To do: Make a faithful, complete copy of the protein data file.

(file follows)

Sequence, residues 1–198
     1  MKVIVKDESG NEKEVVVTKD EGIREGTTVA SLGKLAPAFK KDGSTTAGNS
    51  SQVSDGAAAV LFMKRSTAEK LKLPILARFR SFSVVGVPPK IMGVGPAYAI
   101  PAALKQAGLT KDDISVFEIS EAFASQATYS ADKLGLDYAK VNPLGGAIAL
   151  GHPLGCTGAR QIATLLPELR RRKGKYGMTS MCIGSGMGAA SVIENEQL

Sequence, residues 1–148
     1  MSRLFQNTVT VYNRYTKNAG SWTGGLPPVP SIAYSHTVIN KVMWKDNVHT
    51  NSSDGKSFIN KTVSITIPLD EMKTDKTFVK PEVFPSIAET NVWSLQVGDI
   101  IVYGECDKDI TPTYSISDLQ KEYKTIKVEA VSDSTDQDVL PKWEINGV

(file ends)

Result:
Sequence, residues 1–198
     1  MKVIVKDESG NEKEVVVTKD EGIREGTTVA SLGKLAPAFK KDGSTTAGNS
    51  SQVSDGAAAV LFMKRSTAEK LKLPILARFR SFSVVGVPPK IMGVGPAYAI
   101  PAALKQAGLT KDDISVFEIS EAFASQATYS ADKLGLDYAK VNPLGGAIAL
   151  GHPLGCTGAR QIATLLPELR RRKGKYGMTS MCIGSGMGAA SVIENEQL

Sequence, residues 1–148
     1  MSRLFQNTVT VYNRYTKNAG SWTGGLPPVP SIAYSHTVIN KVMWKDNVHT
    51  NSSDGKSFIN KTVSITIPLD EMKTDKTFVK PEVFPSIAET NVWSLQVGDI
   101  IVYGECDKDI TPTYSISDLQ KEYKTIKVEA VSDSTDQDVL PKWEINGV